If you're an astronomical enthusiast and even if you aren't, set an alert on your iCal, there's an event you're not going to want to sleep through. The key word here is "sleep," so it'll do you some good to know when the next 2018 total lunar eclipse is in order to stay awake for this extra special lunar phenomenon.
First of all, this is the second full moon in one month which makes this moon considered blue. But alas, the glowing orb in the sky will not be the color of the ocean. It will shine a shaded hue, however, so it will be worth seeking flat and expansive ground for. If you're in the city, climb the stairs to your rooftop. If you reside in the countryside, head to your favorite meadow for a VIP like pass to this galactic exhibition. Not only will this moon be a blue moon, it's also considered to be a Supermoon. And, to further blow our minds, a total lunar eclipse. Needless to say, there's a lot to take in.
Consider January bookended by fascinating lunar events. With the first full moon of the year appearing on Jan. 1, the month will conclude with the total lunar eclipse on Jan. 31. But when you can catch the best glimpse of the moon in all its glory is completely up to wherever in the world you're located.
In case you were out sick on the day your science class explained it, a lunar eclipse is what happens when the earth is perfectly sandwiched between the moon and the sun. According to NASA, "during a lunar eclipse, we can see Earth’s shadow on the moon. When Earth completely blocks the sunlight, the moon looks red or orange." Sadly however seeing Earth's shadow on the moon will not determine how many more weeks of winter we have. Us Earthlings will have to wait a few more days for a Groundhog to decide.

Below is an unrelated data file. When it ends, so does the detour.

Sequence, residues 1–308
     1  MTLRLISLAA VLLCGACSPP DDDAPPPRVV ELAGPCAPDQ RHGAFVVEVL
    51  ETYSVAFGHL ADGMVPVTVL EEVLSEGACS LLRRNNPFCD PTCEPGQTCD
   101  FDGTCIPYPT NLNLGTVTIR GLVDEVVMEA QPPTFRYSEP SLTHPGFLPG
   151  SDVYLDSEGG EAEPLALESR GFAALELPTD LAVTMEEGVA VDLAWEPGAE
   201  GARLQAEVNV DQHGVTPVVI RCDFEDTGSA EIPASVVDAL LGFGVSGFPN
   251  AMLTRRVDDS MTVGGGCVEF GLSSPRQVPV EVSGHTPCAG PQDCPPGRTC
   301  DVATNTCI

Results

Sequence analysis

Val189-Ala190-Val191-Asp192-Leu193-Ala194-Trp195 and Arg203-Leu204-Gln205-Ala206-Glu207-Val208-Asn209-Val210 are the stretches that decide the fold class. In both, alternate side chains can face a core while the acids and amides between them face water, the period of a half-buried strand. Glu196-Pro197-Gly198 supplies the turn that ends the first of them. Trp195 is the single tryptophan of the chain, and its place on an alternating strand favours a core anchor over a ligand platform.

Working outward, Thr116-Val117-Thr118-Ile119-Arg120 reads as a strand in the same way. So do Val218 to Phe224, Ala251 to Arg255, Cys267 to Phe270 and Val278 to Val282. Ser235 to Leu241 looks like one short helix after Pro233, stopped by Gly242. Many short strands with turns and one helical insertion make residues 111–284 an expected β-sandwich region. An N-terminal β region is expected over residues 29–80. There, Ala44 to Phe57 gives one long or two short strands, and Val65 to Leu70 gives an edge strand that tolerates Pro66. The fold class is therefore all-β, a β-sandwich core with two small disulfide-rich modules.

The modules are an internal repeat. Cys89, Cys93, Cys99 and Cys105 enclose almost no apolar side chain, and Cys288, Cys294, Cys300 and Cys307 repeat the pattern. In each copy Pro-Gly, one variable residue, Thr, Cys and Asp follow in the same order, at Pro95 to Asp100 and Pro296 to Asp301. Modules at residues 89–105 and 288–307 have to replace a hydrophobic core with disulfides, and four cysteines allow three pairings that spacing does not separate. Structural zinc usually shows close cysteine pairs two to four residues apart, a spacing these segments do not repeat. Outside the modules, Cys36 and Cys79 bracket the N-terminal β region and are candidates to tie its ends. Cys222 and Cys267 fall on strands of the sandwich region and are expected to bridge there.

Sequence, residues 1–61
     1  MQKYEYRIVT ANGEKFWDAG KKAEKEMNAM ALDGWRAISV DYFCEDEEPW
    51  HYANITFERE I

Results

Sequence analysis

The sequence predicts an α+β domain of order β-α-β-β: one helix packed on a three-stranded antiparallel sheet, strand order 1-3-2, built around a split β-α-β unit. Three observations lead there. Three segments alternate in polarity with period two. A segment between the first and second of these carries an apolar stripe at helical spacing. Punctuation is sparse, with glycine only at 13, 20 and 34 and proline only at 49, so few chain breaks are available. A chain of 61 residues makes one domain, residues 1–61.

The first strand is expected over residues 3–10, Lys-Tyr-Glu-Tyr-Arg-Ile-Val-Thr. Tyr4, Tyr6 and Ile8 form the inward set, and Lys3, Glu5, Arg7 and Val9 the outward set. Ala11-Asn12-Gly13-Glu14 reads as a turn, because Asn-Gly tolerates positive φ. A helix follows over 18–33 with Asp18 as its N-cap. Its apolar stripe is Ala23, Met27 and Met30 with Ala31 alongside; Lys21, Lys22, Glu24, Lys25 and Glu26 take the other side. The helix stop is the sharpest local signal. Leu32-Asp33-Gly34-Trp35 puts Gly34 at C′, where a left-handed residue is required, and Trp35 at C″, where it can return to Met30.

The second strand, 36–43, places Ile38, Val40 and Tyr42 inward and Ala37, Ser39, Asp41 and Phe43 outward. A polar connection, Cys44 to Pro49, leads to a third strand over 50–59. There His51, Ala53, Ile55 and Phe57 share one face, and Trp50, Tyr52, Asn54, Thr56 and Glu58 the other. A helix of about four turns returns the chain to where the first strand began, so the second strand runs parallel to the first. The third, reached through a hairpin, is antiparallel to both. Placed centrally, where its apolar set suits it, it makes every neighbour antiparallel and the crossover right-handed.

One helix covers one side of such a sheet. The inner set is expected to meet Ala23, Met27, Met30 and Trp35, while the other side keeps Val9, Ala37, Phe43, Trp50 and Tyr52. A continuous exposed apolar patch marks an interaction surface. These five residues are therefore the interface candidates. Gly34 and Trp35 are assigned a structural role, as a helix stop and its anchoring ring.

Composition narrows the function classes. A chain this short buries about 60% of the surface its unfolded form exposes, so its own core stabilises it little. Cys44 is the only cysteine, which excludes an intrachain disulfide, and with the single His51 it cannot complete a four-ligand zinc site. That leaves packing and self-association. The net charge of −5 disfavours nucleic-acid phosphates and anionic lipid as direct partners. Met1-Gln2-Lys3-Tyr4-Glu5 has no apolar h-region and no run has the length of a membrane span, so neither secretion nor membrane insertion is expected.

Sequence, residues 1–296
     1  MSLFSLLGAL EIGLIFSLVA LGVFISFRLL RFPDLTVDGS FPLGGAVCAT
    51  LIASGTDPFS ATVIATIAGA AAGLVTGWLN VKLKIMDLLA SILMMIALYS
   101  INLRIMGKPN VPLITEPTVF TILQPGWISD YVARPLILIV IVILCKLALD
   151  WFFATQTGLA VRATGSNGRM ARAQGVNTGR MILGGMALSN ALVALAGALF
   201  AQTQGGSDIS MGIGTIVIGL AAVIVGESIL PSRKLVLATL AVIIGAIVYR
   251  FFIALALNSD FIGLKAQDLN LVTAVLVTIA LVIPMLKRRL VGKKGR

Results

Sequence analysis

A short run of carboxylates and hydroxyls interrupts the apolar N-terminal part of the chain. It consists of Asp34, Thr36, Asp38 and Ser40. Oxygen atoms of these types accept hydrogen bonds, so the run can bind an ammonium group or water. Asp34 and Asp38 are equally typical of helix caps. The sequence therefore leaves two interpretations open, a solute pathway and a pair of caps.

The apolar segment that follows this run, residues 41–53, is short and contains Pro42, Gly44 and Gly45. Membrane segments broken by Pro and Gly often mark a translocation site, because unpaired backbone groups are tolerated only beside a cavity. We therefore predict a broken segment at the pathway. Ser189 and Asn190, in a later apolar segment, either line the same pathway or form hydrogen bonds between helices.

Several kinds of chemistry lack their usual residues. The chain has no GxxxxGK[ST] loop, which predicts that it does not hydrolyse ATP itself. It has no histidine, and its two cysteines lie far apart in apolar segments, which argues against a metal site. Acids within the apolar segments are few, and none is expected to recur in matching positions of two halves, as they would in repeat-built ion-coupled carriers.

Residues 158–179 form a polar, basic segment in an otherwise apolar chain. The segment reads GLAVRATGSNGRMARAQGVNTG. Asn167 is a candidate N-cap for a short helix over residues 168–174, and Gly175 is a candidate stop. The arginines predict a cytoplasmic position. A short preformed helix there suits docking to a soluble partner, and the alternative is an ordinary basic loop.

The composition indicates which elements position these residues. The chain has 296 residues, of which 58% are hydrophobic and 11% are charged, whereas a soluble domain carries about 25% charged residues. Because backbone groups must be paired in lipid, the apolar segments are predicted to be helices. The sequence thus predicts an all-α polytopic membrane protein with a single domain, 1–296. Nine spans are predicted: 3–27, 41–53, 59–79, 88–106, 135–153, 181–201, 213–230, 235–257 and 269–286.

This winter lunar eclipse is worth bundling up in all your jackets and scarves to head outside and gawk at. It's the first time an event like this has happened in 150 years, reports Space.com. You guys, a blue moon total lunar eclipse hasn't happened before in our lifetime. It's worth the wake up. If you're in North America and the Hawaiian Islands, the eclipse will be visible just before sunrise on Jan. 31, 2018, according to EarthSky.org. So you'll want to set your alarms a little ~earlier~ than usual and, pro tip, have your coffee machine ready to brew. If you're in the Middle East, Asia, or Australia, the total lunar eclipse will be ready for its close up after sunset on Jan. 31.
If you're a city dweller in New York, the total lunar eclipse will begin at 5:51 a.m. ET, and will reach its maximum at 7:01 a.m. You can totally make it to your bodega before catching a partial glimpse at the eclipsed moon for a coffee and Bacon, Egg and Cheese sandwich. If you're located on the other side of the country in Los Angeles, the total lunar eclipse will begin at 2:51 a.m. PT, and reach its maximum at 5:29 a.m. You'll have a pretty perfect view of the moon that's sure to steal the spotlight from the Hollywood sign. Timeanddate.com reports that Chicago will see the total lunar eclipse begin at 4:51 a.m CT. It's early, but, it's also a phenomenon you don't want to sleep through.
The next total lunar eclipse to be visible in North America won't be until Jan. 19, 2019. So get those iCal alerts set now before you forget to wake up to gawk at this event. I know it's early, but, there's always coffee.